Of these 1,000 schools, if you allow the individual schools to choose the method of teaching M+S, I dare say that only 5% (or 50) will be able to decide correctly the method of individual delivery. These schools will be in the urban areas or have very ethnic concentrated enrollment.

And where does this figure come from? How are you determining what the "correct" choice should be? It is not very hard to look at the composition of your student body and decide what language most of them would be most comfortable with. The difficulty comes in determining whether a school has sufficiently competent teachers to teach in English, and whether the pupils are generally adept enough to handle English material, and I maintain that a federal bureaucrat will never know enough about every school in the country to make the right decision in every case. Of course localising the decision would have its own problems, but that's assuming the present centralised situation is perfect. You know what's selfish and idealistic? Believing a handful of bureaucrats in the Education Ministry are so knowledgeable and wise and competent that they can decide on a single policy to be applied in every school throughout the country which will on the whole benefit everyone.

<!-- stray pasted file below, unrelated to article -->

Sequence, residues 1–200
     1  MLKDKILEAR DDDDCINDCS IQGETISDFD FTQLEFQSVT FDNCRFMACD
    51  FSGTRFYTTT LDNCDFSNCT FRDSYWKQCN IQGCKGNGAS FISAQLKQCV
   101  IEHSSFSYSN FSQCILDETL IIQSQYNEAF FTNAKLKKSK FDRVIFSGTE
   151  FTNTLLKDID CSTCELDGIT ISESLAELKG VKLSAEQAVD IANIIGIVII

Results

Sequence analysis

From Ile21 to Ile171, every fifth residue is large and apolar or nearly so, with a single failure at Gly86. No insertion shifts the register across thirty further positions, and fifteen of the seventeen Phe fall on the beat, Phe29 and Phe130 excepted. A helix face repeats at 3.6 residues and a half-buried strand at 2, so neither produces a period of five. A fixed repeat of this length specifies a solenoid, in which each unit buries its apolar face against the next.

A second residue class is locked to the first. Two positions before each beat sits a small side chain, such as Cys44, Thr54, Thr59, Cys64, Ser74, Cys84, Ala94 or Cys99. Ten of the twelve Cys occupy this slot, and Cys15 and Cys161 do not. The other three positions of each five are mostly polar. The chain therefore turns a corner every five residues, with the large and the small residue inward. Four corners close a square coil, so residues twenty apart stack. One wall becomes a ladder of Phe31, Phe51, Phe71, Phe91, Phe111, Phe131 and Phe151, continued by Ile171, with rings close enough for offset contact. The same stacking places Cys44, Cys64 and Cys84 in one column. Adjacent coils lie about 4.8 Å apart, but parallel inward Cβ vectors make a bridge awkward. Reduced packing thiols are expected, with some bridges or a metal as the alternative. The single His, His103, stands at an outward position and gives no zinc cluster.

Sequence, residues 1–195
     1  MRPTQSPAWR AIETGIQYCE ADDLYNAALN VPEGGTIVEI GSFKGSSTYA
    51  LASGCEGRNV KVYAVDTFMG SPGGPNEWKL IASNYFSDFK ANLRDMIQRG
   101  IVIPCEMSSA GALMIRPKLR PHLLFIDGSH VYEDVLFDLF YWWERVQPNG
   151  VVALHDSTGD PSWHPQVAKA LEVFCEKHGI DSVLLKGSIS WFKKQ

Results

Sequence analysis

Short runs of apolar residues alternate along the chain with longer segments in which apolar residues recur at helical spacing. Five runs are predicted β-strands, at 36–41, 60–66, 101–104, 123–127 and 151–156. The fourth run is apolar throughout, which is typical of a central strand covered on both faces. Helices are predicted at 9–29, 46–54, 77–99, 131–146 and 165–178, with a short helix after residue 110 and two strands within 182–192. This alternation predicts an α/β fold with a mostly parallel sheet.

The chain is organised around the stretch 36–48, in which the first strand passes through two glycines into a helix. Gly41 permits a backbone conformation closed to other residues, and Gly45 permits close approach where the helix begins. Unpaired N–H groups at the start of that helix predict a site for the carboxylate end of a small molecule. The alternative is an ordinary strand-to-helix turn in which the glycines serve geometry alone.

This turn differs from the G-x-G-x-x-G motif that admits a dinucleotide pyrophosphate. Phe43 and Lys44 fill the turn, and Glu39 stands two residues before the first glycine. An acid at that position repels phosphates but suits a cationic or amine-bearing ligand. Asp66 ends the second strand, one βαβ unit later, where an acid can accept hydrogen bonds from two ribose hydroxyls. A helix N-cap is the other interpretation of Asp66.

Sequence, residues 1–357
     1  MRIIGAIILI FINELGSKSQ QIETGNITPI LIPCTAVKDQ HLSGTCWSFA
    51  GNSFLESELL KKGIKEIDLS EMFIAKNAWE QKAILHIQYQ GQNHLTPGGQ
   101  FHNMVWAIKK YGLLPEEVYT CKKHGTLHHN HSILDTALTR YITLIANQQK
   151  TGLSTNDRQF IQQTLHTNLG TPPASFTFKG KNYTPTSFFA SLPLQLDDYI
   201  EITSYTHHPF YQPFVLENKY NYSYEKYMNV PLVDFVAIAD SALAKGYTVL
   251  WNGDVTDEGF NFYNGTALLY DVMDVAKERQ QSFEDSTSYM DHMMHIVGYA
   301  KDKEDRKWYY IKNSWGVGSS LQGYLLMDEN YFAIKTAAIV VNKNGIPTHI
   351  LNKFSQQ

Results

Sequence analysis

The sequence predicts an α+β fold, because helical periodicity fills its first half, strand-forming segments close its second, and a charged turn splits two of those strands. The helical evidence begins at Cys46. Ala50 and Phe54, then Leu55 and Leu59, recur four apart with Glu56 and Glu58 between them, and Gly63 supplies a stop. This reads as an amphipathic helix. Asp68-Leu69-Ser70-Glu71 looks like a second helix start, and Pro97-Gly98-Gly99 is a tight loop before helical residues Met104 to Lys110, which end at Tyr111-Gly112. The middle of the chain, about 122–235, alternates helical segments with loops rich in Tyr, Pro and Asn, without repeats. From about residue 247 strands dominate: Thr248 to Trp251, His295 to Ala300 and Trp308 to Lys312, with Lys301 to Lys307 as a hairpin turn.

As far as I can tell, there's more consensus that we should be teaching in English at the secondary level, so the only issue is with primary schools. Most primary schools are already extremely ethnically segregated in the first place; most of the students in SKs are Malays, most in the SRJK(C)s are Chinese, and most in the SRJK(T)s are Indian. I suspect only a very small number of schools will be diverse enough to not have an obvious first choice. For the vast majority, there will only be two choices: Malay/Mandarin/Tamil or English. And it's not terribly difficult to make a decision if you know something about the population of the school and the teachers who will be implementing the decision. Forcing a one-size-fits-all policy on every school assumes that schools are too stupid and incompetent to make their own decisions, but if that's the case, why don't we just close them down?